When an action takes place in the world, it has a number of effects both in the world, and in the psychology of the individual carrying out the action. Each action creates a formation, a rhythm, or a solid result that tends to perpetuate and repeat itself on an ongoing basis. Thus, the more we carry out specific forms of action, the more difficult they are to change or remove. This is the secret of why habits, addictions and instincts are so hard to change.

For those individuals who wish to effectuate a real change, therefore, they must contend with the pressure that habits and concretised forms exerts upon them. Once brought into existence through action, these external formations have a momentum and a pathway to recreate themselves.

In any attempt to change, therefore, the importance of discontinuing support for and overt manifestation of outer actions cannot be over-emphasized. An addiction cannot be broken as long as it continues to be “fed”. This is the case whether one is speaking about a strong physical addiction such as alcohol, tobacco or drugs, or about other less dramatic issues one is facing, such as cravings, desires or habits which are otherwise deemed acceptable by society. It is also true that to overcome the force of such embedded outer manifestations, a will and an aspiration for change must be present, so the fact of changing the outer action implies changes to the inner forces that supported it in the first place.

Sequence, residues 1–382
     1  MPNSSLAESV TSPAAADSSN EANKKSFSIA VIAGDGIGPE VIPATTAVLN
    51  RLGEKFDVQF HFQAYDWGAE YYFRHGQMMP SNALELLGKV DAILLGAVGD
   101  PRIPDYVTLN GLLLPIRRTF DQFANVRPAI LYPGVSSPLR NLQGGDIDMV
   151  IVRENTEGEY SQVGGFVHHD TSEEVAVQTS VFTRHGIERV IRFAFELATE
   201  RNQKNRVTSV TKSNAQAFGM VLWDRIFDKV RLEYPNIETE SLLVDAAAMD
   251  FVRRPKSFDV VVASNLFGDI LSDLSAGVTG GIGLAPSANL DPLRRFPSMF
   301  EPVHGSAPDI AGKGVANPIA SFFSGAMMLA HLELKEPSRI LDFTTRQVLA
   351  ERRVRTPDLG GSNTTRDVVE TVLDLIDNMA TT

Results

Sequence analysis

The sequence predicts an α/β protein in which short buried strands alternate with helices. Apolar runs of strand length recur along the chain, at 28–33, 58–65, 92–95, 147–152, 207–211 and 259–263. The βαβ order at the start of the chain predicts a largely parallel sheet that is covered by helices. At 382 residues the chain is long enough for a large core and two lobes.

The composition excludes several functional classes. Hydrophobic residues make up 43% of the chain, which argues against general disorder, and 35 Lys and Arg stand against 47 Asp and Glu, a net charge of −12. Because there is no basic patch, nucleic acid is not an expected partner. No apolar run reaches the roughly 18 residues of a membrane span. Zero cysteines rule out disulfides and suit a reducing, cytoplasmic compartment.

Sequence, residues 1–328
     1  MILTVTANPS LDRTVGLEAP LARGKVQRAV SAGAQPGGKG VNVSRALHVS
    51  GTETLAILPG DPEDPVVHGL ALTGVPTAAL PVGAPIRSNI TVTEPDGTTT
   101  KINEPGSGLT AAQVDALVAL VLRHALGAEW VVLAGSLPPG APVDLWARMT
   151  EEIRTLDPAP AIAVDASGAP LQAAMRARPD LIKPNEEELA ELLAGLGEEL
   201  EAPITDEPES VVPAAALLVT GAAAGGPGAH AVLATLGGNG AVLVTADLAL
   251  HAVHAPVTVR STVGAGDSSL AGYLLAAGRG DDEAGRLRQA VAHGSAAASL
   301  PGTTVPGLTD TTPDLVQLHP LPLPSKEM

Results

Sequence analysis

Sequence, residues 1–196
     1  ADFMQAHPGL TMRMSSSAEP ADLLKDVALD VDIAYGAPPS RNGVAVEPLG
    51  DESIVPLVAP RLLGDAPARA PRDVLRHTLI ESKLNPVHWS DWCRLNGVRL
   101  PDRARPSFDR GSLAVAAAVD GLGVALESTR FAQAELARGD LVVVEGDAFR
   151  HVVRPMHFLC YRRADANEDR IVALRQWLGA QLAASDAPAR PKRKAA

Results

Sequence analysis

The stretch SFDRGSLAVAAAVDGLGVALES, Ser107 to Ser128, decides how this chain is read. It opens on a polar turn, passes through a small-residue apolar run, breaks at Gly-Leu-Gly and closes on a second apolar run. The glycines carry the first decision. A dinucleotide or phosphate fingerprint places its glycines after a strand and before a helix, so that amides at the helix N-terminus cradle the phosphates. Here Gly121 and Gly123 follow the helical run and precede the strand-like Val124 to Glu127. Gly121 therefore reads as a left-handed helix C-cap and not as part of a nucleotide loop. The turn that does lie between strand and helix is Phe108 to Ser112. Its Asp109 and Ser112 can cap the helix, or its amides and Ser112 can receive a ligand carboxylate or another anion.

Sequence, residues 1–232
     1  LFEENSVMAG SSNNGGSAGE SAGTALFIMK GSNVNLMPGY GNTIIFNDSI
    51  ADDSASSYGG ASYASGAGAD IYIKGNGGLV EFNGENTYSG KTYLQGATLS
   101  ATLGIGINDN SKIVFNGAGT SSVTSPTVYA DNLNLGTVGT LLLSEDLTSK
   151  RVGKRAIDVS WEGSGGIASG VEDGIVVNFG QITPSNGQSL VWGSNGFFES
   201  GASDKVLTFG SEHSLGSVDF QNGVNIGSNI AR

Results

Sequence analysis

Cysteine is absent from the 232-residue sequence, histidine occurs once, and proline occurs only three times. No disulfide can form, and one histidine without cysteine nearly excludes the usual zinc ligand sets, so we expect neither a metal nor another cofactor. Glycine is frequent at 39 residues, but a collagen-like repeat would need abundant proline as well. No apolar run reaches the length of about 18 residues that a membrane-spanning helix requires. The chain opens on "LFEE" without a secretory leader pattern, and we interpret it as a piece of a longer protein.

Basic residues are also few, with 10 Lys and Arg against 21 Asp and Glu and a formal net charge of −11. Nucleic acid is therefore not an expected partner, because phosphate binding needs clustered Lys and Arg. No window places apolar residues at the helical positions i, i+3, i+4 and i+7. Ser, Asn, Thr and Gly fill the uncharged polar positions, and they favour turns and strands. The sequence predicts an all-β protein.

It is of course not simple to change deeply entrenched habits of action. Outright suppression eventually can backfire if it increases the pressure and force of the suppressed action, which then returns with an increased power. To the extent possible, a process of redirecting the energy and the focus toward other things can be much more effective. We see this occurring naturally as a child grows and interests change, and thus, the child is able to leave behind childish acts and desires and the focus on childish games and toys, to redirect the attention to new occupations and interests. A strong spiritual aspiration has the power to effectuate in the seeker, a redirection of attention and focus away from those actions that are to be put aside or changed.

The Mother observes: “… you must never say: ‘I shall first purify my thought, purify my body, purify my vital and then later I shall purify my action.’ That is the normal order, but it never succeeds. The effective order is to begin from the outside: ‘The very first thing is that I do not do it, and afterwards, I desire it no longer and next I close my doors completely to all impulses: they no longer exist for me, I am now outside all that.’ This is the true order, the order that is effective. First, not to do it. And then you will no longer desire and after that it will go out of your consciousness completely.”

Sri Aurobindo and the Mother, Growing Within: The Psychology of Inner Development, Chapter IV Growth of Consciousness First Steps and Foundation, pp. 67-68

Author's Bio: 

Santosh has been studying Sri Aurobindo's writings since 1971 and has a daily blog at http://sriaurobindostudies.wordpress.com and podcast at https://anchor.fm/santosh-krinsky He is author of 17 books and is editor-in-chief at Lotus Press. He is president of Institute for Wholistic Education, a non-profit focused on integrating spirituality into daily life.